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State v. Mondell


October 18, 2007


On appeal from Superior Court of New Jersey, Law Division, Ocean County, Indictment No. 02-08-1073.

Per curiam.


Submitted October 1, 2007

Before Judges Lintner and Graves.

Defendant Jeffrey Mondell appeals from an order entered on January 18, 2007, denying his motion to withdraw his guilty pleas. After reviewing the record and the applicable law in light of the contentions advanced on appeal, we affirm.

This is the second time we have considered this matter. In an unpublished opinion dated February 14, 2005, we noted:

On August 14, 2002, an Ocean County Grand Jury returned an indictment charging defendant, Jeffrey Mondell, and his wife, co-defendant Anne-Marie Mondell, with one count of second-degree conspiracy, N.J.S.A. 2C:5-2 (Count One) and four counts of first-degree robbery, N.J.S.A. 2C:15-1 (Counts Two, Four, Six, and Eight). Defendant was also charged with three counts of second-degree possession of a weapon for an unlawful purpose, N.J.S.A. 2C:39-4a (Counts Three, Five, Seven, and Nine), one count of third-degree unlawful possession of an assault firearm, N.J.S.A. 2C:39-5f (Count Ten), and three counts of first-degree attempted murder, N.J.S.A. 2C:5-1 and N.J.S.A. 2C:11-3 (Counts Eleven, Twelve, and Thirteen).

On January 13, 2003, defendant pled guilty to four counts of first-degree robbery, three counts of first-degree attempted murder, and one count of third-degree possession of an assault firearm. On February 28, 2003, defendant was sentenced pursuant to the plea agreement to an aggregate term of thirty-eight years subject to an eighty-five percent period of parole ineligibility. Defendant appeals and we affirm, without prejudice to defendant's right to move before the Law Division to withdraw his plea upon presentation of proofs that his guilty plea was not entered voluntarily or knowingly as a result of being under the influence of mind altering drugs.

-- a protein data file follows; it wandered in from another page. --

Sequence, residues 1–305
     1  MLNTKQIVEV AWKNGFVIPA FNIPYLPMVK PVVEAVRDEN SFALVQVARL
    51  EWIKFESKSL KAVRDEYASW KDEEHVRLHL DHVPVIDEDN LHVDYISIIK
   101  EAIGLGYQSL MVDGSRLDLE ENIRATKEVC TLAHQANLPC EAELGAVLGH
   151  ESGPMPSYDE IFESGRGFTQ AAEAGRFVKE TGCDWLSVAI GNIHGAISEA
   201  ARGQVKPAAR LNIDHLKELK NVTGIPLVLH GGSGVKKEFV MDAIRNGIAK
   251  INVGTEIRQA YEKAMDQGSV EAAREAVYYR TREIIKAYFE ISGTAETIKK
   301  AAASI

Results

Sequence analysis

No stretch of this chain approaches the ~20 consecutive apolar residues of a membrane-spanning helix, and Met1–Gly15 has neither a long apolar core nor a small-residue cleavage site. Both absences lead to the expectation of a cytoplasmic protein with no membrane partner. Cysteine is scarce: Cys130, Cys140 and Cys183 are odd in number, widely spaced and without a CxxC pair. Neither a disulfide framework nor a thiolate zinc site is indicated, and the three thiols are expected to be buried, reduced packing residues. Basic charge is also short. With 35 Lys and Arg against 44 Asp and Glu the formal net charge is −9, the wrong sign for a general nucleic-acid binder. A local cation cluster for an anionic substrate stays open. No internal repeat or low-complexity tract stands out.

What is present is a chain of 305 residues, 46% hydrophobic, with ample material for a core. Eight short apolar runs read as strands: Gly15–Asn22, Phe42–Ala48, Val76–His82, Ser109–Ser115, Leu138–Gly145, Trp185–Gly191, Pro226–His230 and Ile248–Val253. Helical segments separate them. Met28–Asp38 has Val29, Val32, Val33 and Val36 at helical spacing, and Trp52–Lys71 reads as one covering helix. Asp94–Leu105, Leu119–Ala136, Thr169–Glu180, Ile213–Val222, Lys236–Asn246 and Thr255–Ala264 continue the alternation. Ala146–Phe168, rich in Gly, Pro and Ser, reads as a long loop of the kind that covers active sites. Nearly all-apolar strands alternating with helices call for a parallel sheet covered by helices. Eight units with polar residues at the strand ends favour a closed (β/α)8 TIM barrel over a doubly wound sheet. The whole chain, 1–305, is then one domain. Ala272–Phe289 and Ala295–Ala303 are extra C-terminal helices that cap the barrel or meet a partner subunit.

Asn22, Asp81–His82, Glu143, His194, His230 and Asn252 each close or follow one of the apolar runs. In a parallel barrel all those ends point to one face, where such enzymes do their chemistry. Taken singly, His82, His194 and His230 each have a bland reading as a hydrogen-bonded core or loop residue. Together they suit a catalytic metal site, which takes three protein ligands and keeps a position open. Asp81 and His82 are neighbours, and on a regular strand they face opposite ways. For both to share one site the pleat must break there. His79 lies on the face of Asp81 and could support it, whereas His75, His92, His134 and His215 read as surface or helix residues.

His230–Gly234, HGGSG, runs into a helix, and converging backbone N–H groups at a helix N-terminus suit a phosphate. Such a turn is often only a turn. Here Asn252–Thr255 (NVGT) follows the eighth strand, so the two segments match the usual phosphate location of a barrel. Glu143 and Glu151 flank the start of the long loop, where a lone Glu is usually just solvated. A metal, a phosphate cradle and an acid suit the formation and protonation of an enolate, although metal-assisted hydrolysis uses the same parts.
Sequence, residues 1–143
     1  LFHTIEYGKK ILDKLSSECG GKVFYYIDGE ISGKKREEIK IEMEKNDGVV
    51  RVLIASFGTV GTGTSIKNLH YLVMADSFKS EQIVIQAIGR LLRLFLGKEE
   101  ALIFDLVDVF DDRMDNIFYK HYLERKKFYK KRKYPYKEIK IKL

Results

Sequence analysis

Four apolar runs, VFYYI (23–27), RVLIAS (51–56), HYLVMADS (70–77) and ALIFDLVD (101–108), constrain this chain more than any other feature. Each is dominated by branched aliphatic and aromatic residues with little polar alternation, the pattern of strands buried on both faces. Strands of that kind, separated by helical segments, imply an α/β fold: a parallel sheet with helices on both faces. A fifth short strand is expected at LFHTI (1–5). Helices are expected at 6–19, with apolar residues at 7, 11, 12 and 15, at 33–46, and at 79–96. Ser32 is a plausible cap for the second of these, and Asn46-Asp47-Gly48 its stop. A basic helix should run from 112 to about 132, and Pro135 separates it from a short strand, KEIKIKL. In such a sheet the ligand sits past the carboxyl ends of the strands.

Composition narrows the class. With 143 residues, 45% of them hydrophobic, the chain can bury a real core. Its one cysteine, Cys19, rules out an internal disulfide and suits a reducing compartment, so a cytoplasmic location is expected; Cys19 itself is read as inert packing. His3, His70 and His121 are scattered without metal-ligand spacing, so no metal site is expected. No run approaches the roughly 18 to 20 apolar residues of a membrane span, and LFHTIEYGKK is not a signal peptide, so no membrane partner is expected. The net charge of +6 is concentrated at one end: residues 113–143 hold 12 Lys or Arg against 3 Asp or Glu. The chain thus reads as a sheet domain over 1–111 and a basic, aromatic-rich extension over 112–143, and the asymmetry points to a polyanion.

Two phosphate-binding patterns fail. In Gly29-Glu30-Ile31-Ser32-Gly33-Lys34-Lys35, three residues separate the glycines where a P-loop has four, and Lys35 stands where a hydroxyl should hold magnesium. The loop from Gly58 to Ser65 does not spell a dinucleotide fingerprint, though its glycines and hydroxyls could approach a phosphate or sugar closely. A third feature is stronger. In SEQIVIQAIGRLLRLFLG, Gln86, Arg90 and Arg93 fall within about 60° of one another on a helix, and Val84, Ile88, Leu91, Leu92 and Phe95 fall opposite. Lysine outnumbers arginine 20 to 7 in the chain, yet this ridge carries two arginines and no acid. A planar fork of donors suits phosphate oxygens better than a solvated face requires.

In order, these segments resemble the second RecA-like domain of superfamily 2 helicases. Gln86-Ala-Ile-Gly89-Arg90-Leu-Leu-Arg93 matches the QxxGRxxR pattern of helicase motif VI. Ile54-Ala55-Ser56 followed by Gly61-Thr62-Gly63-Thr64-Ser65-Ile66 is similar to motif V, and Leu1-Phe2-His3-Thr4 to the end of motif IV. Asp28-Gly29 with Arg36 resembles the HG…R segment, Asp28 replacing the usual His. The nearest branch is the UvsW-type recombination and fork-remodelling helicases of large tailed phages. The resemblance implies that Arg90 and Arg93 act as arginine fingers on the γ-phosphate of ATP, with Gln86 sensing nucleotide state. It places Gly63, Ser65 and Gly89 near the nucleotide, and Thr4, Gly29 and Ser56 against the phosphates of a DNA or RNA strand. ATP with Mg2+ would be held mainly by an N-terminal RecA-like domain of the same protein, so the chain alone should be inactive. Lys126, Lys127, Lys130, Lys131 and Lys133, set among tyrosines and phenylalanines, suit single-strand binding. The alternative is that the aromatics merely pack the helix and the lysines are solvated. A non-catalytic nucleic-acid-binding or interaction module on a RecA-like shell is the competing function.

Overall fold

Defendant's guilty plea arises from a series of robberies that took place on March 13, May 8, June 3, and June 11, 2002, in Ocean County. On June 11, 2002, Little Egg Harbor police officers were dispatched to Mystic Pharmacy on Radio Road in Mystic Island in response to a report of an armed robbery. By the time the officers arrived at the scene, the suspects had already fled. Various witnesses at the scene described the suspects as a white female and male, in a black Ford Taurus. Shortly thereafter, Officers Steve Bogart and Michael Pritch observed a vehicle that matched the description of the suspects' vehicle. The vehicle was being driven by co-defendant and defendant was lying in the back seat. After pulling the vehicle over, the officers exited the patrol car, drew their weapons, positioned themselves behind the car doors, and ordered the occupants to turn off the ignition and throw the keys out the window. Meanwhile, backup units arrived.

As co-defendant exited the vehicle, she was ordered to get down on the ground. Instead of exiting the vehicle, defendant started firing gunshots at the officers from the driver's side rear window. The officers returned fire. After several rounds were fired, defendant stopped shooting. Co-defendant then ran to the vehicle and shouted, "I think he's hurt." The officers approached the vehicle, and saw defendant lying on the seat bleeding from his shoulder. Defendant and co-defendant were taken into custody and the officers searched the vehicle and found a fully loaded Colt AR-15 assault rifle, along with a .45 caliber semiautomatic handgun.

At his plea hearing, defendant admitted to committing the robberies on March 13, May 8, June 3, and June 11, 2002. He also admitted that on all four occasions he was masked, armed with a handgun, and, at gunpoint, demanded prescription drugs from the employees. He agreed that after the employees filled a bag with pills he fled the scene in a car driven by his wife. Defendant also agreed that when stopped by the police on June 11, 2002, he was armed with a handgun and fired three shots at the police officers. Defendant conceded that it was his intention to fire at the police officers and he was aware at the time that his action constituted a substantial step towards killing the police officers. Finally, defendant admitted that the assault rifle found in the car was acquired by him in Ohio, and that he brought it with the intention of possibly using it during the robbery on June 11, 2002.